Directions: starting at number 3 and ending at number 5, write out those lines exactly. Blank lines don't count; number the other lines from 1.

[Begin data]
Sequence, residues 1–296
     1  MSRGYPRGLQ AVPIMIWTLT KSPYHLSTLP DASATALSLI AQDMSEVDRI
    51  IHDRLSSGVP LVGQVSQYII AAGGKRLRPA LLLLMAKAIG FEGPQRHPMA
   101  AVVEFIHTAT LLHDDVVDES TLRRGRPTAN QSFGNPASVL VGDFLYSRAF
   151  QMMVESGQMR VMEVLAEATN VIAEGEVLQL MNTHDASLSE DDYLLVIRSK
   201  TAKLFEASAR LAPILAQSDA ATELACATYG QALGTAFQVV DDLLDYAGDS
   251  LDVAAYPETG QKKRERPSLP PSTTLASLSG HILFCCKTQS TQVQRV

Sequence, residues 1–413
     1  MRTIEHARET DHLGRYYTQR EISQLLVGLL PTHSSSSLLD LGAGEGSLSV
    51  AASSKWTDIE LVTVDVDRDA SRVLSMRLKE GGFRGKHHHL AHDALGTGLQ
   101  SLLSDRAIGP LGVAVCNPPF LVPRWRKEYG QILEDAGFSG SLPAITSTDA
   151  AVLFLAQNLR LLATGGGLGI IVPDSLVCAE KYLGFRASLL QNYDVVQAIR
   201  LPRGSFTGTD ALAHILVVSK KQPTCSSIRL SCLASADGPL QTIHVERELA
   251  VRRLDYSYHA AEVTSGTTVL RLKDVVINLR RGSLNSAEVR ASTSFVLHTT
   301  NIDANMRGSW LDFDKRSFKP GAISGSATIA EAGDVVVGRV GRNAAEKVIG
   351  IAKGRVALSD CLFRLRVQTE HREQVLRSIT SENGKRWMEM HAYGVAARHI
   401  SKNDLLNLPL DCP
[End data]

    51  IHDRLSSGVP LVGQVSQYII AAGGKRLRPA LLLLMAKAIG FEGPQRHPMA
   101  AVVEFIHTAT LLHDDVVDES TLRRGRPTAN QSFGNPASVL VGDFLYSRAF
   151  QMMVESGQMR VMEVLAEATN VIAEGEVLQL MNTHDASLSE DDYLLVIRSK